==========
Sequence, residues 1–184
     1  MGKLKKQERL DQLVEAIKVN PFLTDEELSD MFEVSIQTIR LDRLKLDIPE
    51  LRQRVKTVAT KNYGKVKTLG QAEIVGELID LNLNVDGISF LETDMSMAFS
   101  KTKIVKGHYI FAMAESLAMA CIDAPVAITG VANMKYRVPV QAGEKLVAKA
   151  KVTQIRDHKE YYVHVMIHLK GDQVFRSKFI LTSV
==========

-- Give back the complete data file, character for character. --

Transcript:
Sequence, residues 1–184
     1  MGKLKKQERL DQLVEAIKVN PFLTDEELSD MFEVSIQTIR LDRLKLDIPE
    51  LRQRVKTVAT KNYGKVKTLG QAEIVGELID LNLNVDGISF LETDMSMAFS
   101  KTKIVKGHYI FAMAESLAMA CIDAPVAITG VANMKYRVPV QAGEKLVAKA
   151  KVTQIRDHKE YYVHVMIHLK GDQVFRSKFI LTSV